As is well-known in the art, such data encryption methods utilize a shared key or secret known only to the authorized participants in the wireless communication session. In this way, each party can encrypt its information prior to transmitting it wirelessly to the other participants in the computing session who then each use the shared secret or key to encrypt the information for use. Any malicious third party eavesdropper receiving this wireless broadcast is unable to decrypt this information since he is not privy to the secret or key known by the authorized users. However, for the system to work, each of the authorized uses in the wireless computing session must know the shared secret or key. The problem becomes, therefore, how to communicate this shared secret or key to each of the authorized participants in a wireless computing system without inadvertently disclosing this key to a malicious third party eavesdropper. Currently, this problem is handled in various ways, all of which detract from the benefits provided by wireless communications itself. That is, one method of exchanging the shared secret or key is to require each of the participants to physically couple to a wired network so that the key can be exchanged among the participants of the wireless computing session. However, requiring the participants of a wireless computing session to first physically couple their wireless computing devices together via a wire is burdensome and not desired by wireless computer users. Alternatively, the shared secret or key may be exchanged between the participants in an offline manner, such as though voice communication, the passing of notes, etc., however, these techniques are also undesired, and are more prone to inadvertent discovery by a malicious third party. Shared secret or key exchanges may also be made through close range infrared (IR) communications between the wireless computing devices. However, such techniques also entail a certain amount of risk that the IR transmission may be intercepted by a malicious third party eavesdropper unless extraordinary measures are taken during this shared secret or key exchange. At the corporate level, wireless computing users may be required to first log in to their wired computing network via a docking station or LAN cable adapter to receive the infrastructure shared secret or key for the day before they are able to begin wireless computing at work. Once again, such requirements for wired communications prior to engaging in secure wireless communications complicates the process, deters users from engaging in such wireless communications, and significantly detracts from the advantages provided through such advanced wireless communications technologies.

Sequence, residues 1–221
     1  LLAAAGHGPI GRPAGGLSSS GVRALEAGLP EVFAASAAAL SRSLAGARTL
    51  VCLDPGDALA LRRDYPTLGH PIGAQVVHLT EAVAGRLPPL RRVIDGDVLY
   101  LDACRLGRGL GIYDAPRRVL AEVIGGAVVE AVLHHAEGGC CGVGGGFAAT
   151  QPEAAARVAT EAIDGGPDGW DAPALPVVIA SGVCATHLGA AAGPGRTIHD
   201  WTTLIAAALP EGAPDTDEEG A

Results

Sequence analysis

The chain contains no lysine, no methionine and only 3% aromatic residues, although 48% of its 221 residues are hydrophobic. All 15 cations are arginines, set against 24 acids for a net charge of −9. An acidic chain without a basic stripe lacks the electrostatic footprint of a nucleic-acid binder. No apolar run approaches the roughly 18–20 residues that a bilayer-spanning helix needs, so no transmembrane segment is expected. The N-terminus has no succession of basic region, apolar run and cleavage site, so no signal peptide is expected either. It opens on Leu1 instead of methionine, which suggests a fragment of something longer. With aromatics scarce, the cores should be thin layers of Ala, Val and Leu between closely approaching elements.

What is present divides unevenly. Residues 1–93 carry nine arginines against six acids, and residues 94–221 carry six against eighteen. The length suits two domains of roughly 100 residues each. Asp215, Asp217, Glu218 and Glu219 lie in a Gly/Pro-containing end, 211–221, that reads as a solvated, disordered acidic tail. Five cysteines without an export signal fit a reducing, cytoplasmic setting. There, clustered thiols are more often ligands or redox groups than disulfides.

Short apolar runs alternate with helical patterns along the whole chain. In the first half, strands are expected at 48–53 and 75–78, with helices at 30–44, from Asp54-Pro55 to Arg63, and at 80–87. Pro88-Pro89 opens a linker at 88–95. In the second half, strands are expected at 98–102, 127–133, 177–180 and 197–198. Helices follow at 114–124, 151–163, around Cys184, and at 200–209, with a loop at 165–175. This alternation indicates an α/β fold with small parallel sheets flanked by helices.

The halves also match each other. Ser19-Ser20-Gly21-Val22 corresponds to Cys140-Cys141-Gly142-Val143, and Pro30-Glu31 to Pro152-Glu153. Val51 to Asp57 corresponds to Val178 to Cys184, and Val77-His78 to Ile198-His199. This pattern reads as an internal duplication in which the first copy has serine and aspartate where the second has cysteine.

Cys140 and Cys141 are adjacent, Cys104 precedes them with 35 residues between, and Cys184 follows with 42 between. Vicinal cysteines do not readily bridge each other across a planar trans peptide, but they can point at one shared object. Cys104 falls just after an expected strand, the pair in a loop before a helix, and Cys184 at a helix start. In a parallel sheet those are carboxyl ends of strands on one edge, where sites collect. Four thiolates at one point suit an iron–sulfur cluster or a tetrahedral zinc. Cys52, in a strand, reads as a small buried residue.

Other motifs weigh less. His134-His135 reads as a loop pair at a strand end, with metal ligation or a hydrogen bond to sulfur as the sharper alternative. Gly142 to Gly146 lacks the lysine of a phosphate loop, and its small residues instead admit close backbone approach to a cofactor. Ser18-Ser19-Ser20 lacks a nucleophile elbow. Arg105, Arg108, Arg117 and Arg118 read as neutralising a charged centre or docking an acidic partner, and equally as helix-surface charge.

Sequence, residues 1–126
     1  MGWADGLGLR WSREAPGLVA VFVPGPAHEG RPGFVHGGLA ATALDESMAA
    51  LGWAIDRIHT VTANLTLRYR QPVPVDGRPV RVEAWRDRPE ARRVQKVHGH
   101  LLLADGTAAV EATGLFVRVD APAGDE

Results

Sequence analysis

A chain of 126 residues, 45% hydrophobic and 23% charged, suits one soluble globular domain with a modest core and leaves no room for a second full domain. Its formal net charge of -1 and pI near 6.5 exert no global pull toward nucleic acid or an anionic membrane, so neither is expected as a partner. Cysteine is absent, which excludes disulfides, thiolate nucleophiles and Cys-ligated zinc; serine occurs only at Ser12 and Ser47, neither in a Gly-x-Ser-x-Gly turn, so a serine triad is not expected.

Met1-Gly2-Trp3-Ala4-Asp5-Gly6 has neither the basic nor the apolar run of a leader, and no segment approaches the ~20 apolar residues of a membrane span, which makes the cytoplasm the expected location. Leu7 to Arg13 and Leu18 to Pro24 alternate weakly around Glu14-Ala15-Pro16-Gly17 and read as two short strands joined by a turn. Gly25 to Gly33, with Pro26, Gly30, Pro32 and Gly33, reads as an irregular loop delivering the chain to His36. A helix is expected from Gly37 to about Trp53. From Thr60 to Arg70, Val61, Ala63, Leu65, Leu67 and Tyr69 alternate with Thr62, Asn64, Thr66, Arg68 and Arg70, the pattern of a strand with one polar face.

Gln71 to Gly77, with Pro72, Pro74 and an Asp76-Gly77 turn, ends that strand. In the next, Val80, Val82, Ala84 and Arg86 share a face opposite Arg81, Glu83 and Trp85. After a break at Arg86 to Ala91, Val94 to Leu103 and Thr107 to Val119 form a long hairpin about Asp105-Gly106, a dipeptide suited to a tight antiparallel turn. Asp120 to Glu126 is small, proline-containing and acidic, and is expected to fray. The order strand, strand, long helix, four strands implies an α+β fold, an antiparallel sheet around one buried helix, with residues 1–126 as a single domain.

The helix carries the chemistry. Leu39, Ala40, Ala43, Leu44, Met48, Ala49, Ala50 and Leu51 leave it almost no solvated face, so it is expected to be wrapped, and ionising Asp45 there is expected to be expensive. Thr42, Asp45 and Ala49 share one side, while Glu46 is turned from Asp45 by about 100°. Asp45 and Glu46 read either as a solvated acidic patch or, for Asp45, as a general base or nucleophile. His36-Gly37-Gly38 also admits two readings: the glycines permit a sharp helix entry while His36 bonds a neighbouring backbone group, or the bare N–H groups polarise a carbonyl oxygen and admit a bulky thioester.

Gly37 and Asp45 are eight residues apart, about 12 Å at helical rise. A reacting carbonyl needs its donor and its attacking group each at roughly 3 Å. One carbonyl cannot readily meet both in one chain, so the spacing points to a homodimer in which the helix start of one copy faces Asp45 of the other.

There exists, therefore, a need in the art for a method of key exchange or generation that fully utilizes wireless communication and eliminates the requirement for offline key exchange, wired key exchange, or other cumbersome mechanisms to communicate a shared secret or key among authorized users of a wireless computing network.